Are Entrepreneurs Generalists?

Keith Sawyer notes the decline of the polymath, the person with world-class expertise in multiple fields. Modern social science has had its share — John von Neumann and Herbert Simon come to mind. I’ve had the privilege of knowing a couple, Murray Rothbard and David Gordon. But the increasing emphasis on hyper-specialization in most academic disciplines makes it hard to be a generalist, unlike, say, the 1800s:

One could acquire a working knowledge of a discipline (materials science, optics and the eye, life insurance) just by reading the few books that had been written on the topic. Today all of these fields have had another 200 years of knowledge created. That’s why creativity researchers have observed a “ten year rule”: that it seems to take ten years of working away in one specialized domain before you can make a significant creative contribution. (This rule was first published in the 19th century, when a study of telegraph operators found that the best operators had ten years of experience.) Ten years roughly corresponds to Professor Anders Ericsson’s finding that it takes 10,000 hours of “deliberate practice” to attain world-class expertise.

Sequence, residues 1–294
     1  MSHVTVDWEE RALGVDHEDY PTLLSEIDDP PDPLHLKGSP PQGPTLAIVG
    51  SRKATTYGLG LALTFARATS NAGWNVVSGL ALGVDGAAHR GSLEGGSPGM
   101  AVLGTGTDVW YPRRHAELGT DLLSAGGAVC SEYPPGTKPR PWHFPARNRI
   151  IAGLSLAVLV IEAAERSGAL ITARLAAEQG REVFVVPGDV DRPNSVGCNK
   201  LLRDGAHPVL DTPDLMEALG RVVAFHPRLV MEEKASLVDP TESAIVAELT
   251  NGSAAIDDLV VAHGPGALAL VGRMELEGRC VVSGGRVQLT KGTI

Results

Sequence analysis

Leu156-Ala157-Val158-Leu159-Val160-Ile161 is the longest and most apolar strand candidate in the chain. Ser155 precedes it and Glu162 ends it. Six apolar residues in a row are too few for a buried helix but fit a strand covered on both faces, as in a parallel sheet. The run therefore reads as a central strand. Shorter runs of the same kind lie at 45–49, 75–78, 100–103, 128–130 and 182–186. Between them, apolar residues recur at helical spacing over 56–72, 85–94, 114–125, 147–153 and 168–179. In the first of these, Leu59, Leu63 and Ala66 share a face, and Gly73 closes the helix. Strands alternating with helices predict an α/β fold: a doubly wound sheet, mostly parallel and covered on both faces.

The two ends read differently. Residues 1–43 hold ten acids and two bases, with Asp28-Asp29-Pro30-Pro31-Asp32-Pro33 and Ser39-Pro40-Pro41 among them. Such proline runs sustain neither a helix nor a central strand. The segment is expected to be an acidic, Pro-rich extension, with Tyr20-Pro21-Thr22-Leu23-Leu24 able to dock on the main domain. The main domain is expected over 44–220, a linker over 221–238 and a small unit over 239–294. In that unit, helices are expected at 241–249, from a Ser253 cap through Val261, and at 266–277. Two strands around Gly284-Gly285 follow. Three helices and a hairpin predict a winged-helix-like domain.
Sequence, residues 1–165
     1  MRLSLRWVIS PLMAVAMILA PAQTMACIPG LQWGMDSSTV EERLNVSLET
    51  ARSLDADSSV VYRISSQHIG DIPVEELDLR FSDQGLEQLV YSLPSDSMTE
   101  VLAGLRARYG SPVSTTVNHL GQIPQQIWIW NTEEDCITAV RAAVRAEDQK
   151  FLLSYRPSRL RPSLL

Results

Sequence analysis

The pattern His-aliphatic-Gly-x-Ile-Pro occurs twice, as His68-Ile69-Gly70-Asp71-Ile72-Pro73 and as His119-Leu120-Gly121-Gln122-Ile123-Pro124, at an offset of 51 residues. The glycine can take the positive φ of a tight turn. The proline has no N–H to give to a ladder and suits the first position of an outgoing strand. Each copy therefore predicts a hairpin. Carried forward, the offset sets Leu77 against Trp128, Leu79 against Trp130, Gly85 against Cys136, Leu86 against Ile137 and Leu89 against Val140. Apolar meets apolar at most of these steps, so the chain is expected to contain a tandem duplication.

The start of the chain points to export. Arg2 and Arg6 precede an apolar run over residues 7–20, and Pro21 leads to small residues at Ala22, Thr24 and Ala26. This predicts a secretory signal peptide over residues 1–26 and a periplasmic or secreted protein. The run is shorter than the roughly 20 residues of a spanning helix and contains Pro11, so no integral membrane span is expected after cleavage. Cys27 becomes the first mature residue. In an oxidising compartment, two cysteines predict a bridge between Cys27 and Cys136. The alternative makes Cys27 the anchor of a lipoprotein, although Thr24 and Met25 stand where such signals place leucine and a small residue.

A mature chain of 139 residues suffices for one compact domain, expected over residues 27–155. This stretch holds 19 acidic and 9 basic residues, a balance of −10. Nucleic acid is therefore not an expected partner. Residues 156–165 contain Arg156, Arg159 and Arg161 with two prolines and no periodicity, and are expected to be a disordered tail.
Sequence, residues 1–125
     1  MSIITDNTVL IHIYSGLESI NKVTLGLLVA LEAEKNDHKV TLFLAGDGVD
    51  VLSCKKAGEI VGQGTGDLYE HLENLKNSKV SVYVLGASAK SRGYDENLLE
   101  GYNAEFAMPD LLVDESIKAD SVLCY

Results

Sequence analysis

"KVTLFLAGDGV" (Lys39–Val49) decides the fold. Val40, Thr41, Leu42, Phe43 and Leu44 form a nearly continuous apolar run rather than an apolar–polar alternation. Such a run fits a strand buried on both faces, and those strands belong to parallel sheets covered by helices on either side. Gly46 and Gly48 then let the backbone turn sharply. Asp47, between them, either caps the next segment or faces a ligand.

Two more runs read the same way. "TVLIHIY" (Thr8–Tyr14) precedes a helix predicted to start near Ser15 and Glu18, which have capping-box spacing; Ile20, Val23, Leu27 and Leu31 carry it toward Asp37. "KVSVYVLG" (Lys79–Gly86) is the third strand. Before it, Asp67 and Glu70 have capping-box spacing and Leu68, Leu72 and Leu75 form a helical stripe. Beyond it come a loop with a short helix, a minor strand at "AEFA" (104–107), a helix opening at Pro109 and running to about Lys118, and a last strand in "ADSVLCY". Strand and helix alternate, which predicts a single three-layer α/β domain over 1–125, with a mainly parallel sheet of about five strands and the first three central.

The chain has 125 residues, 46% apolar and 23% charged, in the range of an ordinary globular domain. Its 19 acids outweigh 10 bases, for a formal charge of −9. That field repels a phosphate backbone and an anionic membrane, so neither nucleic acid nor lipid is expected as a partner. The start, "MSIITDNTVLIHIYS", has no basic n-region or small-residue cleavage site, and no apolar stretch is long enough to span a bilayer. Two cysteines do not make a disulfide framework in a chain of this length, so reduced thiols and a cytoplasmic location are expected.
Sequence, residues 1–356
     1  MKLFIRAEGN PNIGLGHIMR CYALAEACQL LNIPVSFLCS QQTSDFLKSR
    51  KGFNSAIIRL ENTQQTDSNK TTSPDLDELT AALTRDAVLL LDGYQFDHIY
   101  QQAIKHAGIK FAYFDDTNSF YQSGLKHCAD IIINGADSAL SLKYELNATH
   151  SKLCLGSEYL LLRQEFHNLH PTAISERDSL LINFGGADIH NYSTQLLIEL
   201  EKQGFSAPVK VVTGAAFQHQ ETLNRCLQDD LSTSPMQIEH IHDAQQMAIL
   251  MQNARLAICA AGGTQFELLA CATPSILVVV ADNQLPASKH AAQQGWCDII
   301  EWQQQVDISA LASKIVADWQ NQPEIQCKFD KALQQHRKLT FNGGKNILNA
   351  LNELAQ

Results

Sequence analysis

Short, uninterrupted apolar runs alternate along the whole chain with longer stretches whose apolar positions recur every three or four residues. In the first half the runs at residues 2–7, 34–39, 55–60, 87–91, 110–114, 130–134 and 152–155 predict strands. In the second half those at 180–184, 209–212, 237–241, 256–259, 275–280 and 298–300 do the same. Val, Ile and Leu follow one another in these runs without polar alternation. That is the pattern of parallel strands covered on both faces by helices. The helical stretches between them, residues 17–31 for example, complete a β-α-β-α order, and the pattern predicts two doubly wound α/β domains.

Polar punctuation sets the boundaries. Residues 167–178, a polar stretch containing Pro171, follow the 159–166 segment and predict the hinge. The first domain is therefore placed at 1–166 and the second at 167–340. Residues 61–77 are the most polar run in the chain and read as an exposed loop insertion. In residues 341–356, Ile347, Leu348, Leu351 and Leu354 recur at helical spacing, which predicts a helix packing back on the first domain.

And over time, as new knowledge is created and total knowledge accumulates, it should take longer to become an expert.

This brings to mind Ed Lazear’s argument that entrepreneurs are more likely to be generalists, or  jacks of all trades — the polymaths of business. To foster entrepreneurship, and encourage creativity more generally, perhaps educators should worry less about specialization and tolerate a little more dilettantism.


One Response to Are Entrepreneurs Generalists?

  1. Pingback: Risk, Balanced Skills, and Entrepreneurship « entrepreneurship … | The Entrepreneurship Blog

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